It’s been ten years since my Aunt Sandy (Sissy) died from what originally started out as breast cancer. An entire decade. That’s crazy to me in so many ways. Still to this day, I have mixed emotions when someone uses the phrase “beat cancer”. By absolutely no dis-credit to their personal journey, what they’ve been through, or the fact that they’re still alive – I promise, I’m incredibly happy for anyone that “beats cancer”, but by saying or agreeing that someone “beat cancer”, I feel like I’d also be saying that Sissy lost her battle to cancer and I don’t see it that way at all. She fought way too hard & put up with way too much for me to say she lost. I probably have said it from time to time, but inside, I always catch myself & kick myself for doing it. Maybe it’s just my competitive nature coming out or maybe it’s my spiritual nature knowing that the purpose of her having cancer wasn’t to lose a battle, but to win her eternity.
By Church of God standards she had a “who’s who” of celebrity preachers speak at her funeral service. I forget which preacher said it, but I’ll never forget one line … “she enjoyed life, she ran out & touched all the bases, but in the end she came home”! And I think that was true for her. She was the Aunt that never took anything too seriously. She went sky diving, traveled, lived at the beach for a while & never seemed to like long standing commitments like marriage, houses, or even jobs for that matter! Those things kept her too busy from living life!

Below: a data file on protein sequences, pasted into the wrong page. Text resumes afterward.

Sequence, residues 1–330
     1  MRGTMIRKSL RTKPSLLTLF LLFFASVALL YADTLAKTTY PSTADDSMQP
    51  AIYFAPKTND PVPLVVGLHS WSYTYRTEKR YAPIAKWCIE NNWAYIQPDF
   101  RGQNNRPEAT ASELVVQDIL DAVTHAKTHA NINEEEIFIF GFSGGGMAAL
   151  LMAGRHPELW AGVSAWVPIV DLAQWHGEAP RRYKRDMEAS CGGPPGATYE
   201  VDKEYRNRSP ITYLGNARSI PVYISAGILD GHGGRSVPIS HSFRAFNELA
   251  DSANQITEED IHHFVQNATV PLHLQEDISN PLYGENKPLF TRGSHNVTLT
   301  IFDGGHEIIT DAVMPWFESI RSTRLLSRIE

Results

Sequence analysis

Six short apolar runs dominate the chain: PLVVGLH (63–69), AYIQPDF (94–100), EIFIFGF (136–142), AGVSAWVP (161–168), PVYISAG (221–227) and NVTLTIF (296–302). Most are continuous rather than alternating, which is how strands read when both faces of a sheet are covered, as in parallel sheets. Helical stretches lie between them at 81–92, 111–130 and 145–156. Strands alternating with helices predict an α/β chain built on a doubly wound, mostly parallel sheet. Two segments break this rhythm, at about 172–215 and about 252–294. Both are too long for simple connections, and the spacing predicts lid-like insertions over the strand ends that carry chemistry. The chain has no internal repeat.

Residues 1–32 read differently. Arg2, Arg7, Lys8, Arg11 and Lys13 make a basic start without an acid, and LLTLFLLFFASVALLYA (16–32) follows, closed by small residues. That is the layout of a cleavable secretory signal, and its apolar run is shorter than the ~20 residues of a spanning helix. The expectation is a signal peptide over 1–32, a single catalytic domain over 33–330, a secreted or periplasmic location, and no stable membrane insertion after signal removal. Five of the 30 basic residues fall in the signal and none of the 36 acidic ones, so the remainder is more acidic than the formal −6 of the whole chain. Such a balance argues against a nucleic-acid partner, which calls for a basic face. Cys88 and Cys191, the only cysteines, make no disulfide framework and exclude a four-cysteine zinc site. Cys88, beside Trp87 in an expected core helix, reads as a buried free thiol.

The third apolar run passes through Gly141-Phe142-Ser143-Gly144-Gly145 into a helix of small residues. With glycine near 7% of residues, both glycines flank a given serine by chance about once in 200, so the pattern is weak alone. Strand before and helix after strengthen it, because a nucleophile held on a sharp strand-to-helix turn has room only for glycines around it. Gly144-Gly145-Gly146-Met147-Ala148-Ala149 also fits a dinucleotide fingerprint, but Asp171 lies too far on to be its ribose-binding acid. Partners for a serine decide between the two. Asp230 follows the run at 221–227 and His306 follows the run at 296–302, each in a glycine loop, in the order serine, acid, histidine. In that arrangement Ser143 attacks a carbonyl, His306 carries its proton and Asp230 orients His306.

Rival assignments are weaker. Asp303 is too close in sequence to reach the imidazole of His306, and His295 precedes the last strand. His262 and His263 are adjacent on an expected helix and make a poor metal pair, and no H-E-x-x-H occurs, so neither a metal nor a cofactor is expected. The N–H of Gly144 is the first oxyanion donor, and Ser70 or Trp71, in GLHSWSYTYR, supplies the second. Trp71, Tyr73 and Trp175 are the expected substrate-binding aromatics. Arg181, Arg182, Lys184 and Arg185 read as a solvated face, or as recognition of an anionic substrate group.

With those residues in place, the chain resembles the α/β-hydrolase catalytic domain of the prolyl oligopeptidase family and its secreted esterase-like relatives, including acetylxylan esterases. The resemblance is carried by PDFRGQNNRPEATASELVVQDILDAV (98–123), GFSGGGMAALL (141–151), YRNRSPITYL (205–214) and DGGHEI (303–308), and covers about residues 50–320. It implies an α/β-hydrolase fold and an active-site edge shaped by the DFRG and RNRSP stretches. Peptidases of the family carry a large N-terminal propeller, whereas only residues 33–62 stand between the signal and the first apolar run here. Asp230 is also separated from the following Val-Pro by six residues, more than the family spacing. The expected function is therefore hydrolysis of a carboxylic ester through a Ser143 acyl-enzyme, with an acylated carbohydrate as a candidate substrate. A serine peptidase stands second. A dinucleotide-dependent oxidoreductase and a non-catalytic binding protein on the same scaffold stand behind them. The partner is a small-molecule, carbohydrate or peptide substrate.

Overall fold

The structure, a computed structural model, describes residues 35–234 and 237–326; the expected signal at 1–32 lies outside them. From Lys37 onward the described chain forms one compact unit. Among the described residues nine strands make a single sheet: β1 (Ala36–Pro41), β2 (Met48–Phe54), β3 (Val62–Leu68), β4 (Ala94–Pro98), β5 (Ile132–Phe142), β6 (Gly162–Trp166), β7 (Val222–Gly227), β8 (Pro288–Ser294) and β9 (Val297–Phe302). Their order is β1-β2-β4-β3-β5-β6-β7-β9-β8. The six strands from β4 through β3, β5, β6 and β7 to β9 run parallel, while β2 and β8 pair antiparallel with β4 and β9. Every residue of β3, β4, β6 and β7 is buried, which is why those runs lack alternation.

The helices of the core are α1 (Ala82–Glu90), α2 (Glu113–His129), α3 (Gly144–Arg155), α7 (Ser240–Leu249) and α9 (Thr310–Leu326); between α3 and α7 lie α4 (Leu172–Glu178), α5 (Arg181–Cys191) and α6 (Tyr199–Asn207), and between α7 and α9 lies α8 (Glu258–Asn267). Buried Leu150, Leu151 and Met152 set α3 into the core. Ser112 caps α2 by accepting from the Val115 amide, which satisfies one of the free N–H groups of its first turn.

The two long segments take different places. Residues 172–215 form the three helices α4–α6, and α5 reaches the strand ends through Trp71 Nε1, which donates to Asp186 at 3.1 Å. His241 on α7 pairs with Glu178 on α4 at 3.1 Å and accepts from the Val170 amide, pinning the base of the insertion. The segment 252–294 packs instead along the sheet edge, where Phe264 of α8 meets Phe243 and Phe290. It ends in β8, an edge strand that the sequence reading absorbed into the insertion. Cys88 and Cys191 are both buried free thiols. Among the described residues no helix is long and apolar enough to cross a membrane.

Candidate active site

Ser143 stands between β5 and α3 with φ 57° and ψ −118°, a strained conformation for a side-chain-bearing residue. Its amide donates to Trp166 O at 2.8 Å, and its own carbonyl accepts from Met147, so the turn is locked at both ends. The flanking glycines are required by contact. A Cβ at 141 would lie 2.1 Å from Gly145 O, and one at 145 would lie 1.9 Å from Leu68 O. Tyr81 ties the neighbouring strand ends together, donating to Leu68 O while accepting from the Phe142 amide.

But she was always consistent at being a great Aunt. She never missed our birthdays, graduations or big events. Even as I write this I can visually see her signature on cards. It was distinct – long & slender. I remember one of the last times we all got to hang out. Just the girls went to “The Swan House” for brunch & then to the mall for a little shopping. Her mind & memory were so bad at this point that you couldn’t ever be certain if she knew what she was talking about. As we walked around the mall she was persistent about going to this one store. Everyone thought it was in one direction, but she was absolutely certain it was in the opposite. We followed along as she confidently walked in front of us. She was right. We were wrong. I loved that!! I was so happy for her to be right! Just a few days after that she entered the hospital for what would be the last time. I was actually the one that answered the phone at my parents house the day she passed away. I remember so much about that day. My Uncle James was on the other end. I couldn’t get much out other than “ok” and passed the phone off to my Dad.
And now, a whole decade has passed that she has missed. I hate cancer. I hate that fact that my grandparents had to bury their daughter & that my mom no longer has her sister around – her only sibling. I don’t want anyone to “beat it” because I don’t want anyone to have it! Once again, I’ll be walking with my Mom, Sister & Sisterchicks at the Susan G. Komen Race for the Cure event in Atlanta on Mother’s Day Weekend.
I’ll walk in memory of my Aunt – she lived life, she fought hard, she won her battle for eternity!